Headteachers’ leaders have criticized Education Secretary Nadhim Zahawi for his “continued failure” to respond to them over the “acute” Covid situation in schools as they call for a reintroduction of free lateral flow tests.
Free lateral flow tests for pupils and staff were discontinued on April 1.
In the open letter from the Association of School and College Leaders and the NAHT school leaders’ union, headteachers’ leaders said they are “deeply concerned” about the Government’s “apparent lack of concern and support” for pupils and staff as they faced the next phase of Covid.
They said that their members had reported greater Covid-related disruption in their schools and colleges over the last few weeks “than at any previous point during the pandemic” and that for many members, it could provide the “final straw”.
One head said that coronavirus had created the longest staff absence list they could remember in over 25 years of teaching.
Another reported that 342 of their 800 pupils had been absent having tested positive for Covid – including 64 out of 150 Year 11 pupils, while 25 out of 51 teachers had also been off with Covid.
“My senior team and myself are covering 3/4 classes in the gym together daily and we have also had to ask year groups to learn from home on a rotation over the last week just so we can get by. Whilst some staff have had mild symptoms some are getting very ill and I find this such a worry,” another said.
General secretaries Geoff Barton and Paul Whiteman highlighted how the latest Government figures on school attendance showed that Covid-related pupil absence on 17 March was 2.5%, up from 0.7% the previous fortnight, while staff absence was 9.1%, up from 5.8% on 3 March.
“Anecdotally, our members tell us that the situation has worsened further in the intervening period,” they said.
They added that “in the face of this extensive and ongoing disruption” the decision to remove free Covid lateral flow tests for nearly all pupils and staff “feels reckless in the extreme”.
They added that there was no evidence for Government guidance for pupils who tested positive to isolate for three days rather than the five days recommended for adults.
The unions said they had written to Mr Zahawi on 9 March asking for free tests to remain available for school staff with possible coronavirus symptoms to minimize disruption to education, but that they had had no reply.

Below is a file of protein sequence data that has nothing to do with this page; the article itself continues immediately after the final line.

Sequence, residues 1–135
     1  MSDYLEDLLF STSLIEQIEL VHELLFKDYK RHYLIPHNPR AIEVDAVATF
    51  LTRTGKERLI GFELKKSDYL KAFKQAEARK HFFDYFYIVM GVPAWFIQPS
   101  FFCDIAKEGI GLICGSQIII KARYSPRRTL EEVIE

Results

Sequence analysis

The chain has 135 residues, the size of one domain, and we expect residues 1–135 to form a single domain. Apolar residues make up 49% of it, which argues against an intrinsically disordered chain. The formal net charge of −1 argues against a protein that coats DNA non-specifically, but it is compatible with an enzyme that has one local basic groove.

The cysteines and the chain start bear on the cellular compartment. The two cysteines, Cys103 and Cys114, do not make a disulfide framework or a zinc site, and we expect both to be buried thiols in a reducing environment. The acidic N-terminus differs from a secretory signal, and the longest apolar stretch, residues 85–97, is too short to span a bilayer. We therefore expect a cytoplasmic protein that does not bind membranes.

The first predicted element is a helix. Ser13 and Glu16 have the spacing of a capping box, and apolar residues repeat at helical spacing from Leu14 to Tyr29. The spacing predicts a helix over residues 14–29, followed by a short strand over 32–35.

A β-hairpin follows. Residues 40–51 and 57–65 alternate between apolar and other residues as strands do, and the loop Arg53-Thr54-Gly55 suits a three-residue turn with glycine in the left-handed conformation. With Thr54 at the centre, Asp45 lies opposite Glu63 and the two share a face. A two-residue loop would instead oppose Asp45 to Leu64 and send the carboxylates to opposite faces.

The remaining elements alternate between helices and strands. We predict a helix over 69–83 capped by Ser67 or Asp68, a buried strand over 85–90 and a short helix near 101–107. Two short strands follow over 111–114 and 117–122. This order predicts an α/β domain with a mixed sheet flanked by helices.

They said the Government’s decision to publish GCSE and A-level league tables this year was “inappropriate” given the levels of disruption, while sharing the results of SATs tests with Ofsted was “even more inappropriate”.
“This plan seemed misguided when it was first announced; given the current situation in our schools and colleges it now feels frankly absurd,” they said.
They said that publishing “inaccurate and meaningless” data would add to headteachers’ “extreme stress”, exacerbating the recruitment and retention crisis.
“These decisions have consequences. Failing to control the transmission of Covid in schools and colleges is making it increasingly difficult for leaders to keep their settings open, and to ensure pupils receive a high-quality education when they are there,” they added.
They said this was “compounding” the disruption young people had already experienced to their education, while allowing staff and pupils potentially to contract Covid multiple times was harmful for their long-term health.
The heads’ leaders called on Mr Zahawi to reconsider the decision to abandon free tests and commit to “not publishing performance tables, or using this year’s Key Stage 2, GCSE, A-level or vocational exam results for any form of accountability this year” .
The letter said that they had frequently spoken to Mr Zahawi and the DfE about these issues, adding: “You will have noticed that these representations have become stronger and more frequent as a result of your continued failure to respond to the genuine and increasingly acute experience of our members.”
ASCL general secretary Geoff Barton said he had written to Mr Zahawi because “school and college leaders increasingly feel abandoned by a government which does not seem to care that Covid is causing chaos in education settings and that the first public exams in three years are just weeks away.”
NAHT general secretary Paul Whiteman said: “We have repeatedly warned the government that education is at breaking point. We hear sympathetic words and acknowledgment of the great work our members do but see little actual action to bring relief to the chaos.”